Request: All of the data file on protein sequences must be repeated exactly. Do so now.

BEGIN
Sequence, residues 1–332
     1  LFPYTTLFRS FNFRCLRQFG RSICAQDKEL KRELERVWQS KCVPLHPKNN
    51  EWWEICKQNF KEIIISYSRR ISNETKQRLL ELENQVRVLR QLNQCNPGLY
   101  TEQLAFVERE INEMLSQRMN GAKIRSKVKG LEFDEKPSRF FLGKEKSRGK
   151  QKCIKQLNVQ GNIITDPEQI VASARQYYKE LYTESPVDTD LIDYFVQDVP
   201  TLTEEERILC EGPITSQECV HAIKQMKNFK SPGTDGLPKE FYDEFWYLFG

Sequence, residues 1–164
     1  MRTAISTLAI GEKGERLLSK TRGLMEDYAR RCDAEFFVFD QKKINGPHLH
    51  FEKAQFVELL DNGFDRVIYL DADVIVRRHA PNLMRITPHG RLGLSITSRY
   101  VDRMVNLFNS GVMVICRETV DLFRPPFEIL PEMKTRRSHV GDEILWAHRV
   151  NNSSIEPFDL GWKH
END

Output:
Sequence, residues 1–332
     1  LFPYTTLFRS FNFRCLRQFG RSICAQDKEL KRELERVWQS KCVPLHPKNN
    51  EWWEICKQNF KEIIISYSRR ISNETKQRLL ELENQVRVLR QLNQCNPGLY
   101  TEQLAFVERE INEMLSQRMN GAKIRSKVKG LEFDEKPSRF FLGKEKSRGK
   151  QKCIKQLNVQ GNIITDPEQI VASARQYYKE LYTESPVDTD LIDYFVQDVP
   201  TLTEEERILC EGPITSQECV HAIKQMKNFK SPGTDGLPKE FYDEFWYLFG

Sequence, residues 1–164
     1  MRTAISTLAI GEKGERLLSK TRGLMEDYAR RCDAEFFVFD QKKINGPHLH
    51  FEKAQFVELL DNGFDRVIYL DADVIVRRHA PNLMRITPHG RLGLSITSRY
   101  VDRMVNLFNS GVMVICRETV DLFRPPFEIL PEMKTRRSHV GDEILWAHRV
   151  NNSSIEPFDL GWKH